From Dracula to Edward, vampires have changed over the years but in many ways have also remained the same: Dark, sensual, aloof creatures, existing on the periphery of our consciousness, forever struggling with their ambivalence toward humans who, for their part, tend to be somewhat sharper in their feelings toward the sanguinary undead, hunting and destroying them whenever and wherever possible. That complex, predatory relationship permeates Blood Oath, an exciting new hidden object game that twists and turns its way through challenging searches and a shadowy, labyrinthine plot.
The game opens with the player, a newly-turned vampire, narrowly escaping a band of hunters with the help of Kali Jayde, a raven-haired, brooding beauty with a strong but unexplained interest in the situation. Tristan Ariel, the leader of the world’s most powerful clan of vampires, soon comes into the picture, offering shelter but demanding servitude in return. A war is raging between vampires and hunters, he explains, and the player will be his newest soldier, helping him lead the undead nation to victory. Don’t let the silly, stereotypical vampire names fool you; Blood Oath tells a surprisingly dark tale, with an end-game twist that’s a little shocking but also very satisfying.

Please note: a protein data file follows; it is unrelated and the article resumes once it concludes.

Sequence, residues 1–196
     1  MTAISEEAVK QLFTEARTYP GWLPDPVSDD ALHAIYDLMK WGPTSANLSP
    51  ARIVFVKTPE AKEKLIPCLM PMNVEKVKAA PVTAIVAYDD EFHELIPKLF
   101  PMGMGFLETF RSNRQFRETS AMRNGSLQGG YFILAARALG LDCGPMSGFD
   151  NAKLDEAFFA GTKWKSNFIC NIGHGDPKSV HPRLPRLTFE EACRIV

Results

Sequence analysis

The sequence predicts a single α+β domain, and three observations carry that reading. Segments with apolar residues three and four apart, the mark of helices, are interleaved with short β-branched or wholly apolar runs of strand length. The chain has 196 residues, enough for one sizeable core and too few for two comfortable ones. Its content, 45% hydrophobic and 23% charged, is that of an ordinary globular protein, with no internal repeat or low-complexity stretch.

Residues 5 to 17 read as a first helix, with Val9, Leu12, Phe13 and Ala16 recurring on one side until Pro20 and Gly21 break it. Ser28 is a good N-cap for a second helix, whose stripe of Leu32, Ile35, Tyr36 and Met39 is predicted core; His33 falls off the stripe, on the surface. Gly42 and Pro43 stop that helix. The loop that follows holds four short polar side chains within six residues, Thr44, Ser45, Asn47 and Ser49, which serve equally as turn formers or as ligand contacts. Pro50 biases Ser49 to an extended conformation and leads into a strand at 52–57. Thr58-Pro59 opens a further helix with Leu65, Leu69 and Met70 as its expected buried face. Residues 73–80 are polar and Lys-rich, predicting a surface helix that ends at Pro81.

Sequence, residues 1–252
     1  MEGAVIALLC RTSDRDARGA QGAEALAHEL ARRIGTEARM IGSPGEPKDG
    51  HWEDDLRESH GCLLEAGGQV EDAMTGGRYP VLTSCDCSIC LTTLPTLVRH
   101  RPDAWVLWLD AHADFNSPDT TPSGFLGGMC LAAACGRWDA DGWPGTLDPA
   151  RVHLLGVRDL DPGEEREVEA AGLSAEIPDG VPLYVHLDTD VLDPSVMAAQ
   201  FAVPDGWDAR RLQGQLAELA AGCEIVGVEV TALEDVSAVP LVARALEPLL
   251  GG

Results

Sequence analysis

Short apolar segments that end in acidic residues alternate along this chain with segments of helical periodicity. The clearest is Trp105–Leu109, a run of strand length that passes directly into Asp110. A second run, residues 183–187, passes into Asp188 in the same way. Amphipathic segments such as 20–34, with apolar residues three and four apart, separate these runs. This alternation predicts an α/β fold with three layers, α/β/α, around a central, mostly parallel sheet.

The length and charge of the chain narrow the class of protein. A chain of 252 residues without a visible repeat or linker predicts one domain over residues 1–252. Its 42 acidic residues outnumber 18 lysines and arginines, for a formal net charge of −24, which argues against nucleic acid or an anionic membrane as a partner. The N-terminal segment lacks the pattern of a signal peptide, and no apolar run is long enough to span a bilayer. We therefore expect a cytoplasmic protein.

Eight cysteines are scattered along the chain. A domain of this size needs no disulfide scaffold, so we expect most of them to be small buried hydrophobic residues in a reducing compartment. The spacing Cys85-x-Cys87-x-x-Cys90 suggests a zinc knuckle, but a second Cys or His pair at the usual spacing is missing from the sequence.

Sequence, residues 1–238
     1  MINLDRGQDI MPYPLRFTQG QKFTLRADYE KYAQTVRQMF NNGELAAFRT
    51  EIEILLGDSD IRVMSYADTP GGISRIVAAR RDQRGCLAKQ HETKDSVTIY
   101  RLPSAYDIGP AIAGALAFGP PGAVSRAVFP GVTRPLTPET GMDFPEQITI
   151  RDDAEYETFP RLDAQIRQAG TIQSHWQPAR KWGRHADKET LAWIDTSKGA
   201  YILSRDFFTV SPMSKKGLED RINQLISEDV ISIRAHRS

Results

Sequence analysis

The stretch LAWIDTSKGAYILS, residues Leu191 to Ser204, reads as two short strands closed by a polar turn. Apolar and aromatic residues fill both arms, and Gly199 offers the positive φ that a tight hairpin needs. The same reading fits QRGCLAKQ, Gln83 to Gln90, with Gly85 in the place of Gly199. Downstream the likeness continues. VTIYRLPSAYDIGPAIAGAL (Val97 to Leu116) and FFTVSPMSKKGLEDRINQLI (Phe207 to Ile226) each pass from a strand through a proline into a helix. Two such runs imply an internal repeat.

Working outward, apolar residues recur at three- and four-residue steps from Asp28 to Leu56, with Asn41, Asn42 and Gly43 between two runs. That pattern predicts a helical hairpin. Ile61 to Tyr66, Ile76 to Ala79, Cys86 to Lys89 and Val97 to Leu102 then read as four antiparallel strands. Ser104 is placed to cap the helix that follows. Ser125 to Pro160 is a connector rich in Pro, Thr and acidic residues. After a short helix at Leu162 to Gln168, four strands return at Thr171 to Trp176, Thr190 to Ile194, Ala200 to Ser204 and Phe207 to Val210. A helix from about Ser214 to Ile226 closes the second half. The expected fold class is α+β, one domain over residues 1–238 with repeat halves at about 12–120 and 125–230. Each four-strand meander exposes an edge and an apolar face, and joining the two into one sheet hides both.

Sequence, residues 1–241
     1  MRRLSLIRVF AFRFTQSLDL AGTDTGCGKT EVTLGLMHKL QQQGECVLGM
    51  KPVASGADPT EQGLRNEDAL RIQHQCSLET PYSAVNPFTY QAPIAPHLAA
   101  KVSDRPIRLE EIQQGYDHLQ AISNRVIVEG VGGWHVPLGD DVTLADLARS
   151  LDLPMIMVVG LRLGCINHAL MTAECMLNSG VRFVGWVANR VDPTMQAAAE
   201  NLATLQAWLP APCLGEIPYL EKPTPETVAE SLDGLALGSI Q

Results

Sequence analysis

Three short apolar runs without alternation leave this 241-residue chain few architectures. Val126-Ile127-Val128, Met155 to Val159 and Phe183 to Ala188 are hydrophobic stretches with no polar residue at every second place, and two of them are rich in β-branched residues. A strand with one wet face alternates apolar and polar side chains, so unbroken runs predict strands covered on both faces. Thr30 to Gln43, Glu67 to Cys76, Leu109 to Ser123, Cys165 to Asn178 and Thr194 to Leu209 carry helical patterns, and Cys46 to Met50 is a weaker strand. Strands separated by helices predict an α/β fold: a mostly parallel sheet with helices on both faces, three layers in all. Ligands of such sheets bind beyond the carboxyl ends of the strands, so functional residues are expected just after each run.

Unlike most hidden object games, Blood Oath throws the player into the mix with no helpful lead-in or exposition whatsoever. Instead, the mystery slowly reveals itself over the course of the game, and while it’s certainly no “Dracula” – or even “Twilight” – it’s entertaining enough to be worth paying attention to. But while the plot follows a twisted path, the actual gameplay is made very straightforward by way of a thorough tutorial in the opening scenes that fully explains its various features and mechanics.
It’s a good thing, too, because this isn’t your run-of-the-mill hidden object game. Instead of searching for a laundry list of a dozen or more objects per level and then moving on, Blood Oath hides only a few objects at a time, which must be found and assembled into more significant plot-related items that will move the story ahead. Searches are confined to single rooms in the early stages but before long they’ll start to be spread out across numerous locations. Indicators show which objects are hidden in the current location, drastically cutting back on time wasted searching for something that isn’t there.
Further complicating things is the fact that most searches won’t even begin until the player discovers “hotspots” in each level which glow red when the cursor is close. In the opening scene, for instance, the discovery of a weakened section of wall triggers a search for items, like dynamite and a detonator, that can blow it open.
Each location also contains one to three hidden “cards” which are used in a separate, parallel mini-game that grants players bonuses like faster hint recharging and shorter penalties for wild, aimless clicking. Scores are kept and there are also achievements to be collected, 20 in all, some of which will be awarded automatically over the course of the game while others, such as one for finding all the hidden cards, must be earned.